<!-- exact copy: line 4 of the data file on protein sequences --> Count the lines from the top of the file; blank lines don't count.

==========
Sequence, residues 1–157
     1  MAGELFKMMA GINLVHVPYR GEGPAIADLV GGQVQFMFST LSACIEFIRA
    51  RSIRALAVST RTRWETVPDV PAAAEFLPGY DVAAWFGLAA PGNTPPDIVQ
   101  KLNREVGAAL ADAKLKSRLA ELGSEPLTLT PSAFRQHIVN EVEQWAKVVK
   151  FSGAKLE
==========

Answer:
   101  KLNREVGAAL ADAKLKSRLA ELGSEPLTLT PSAFRQHIVN EVEQWAKVVK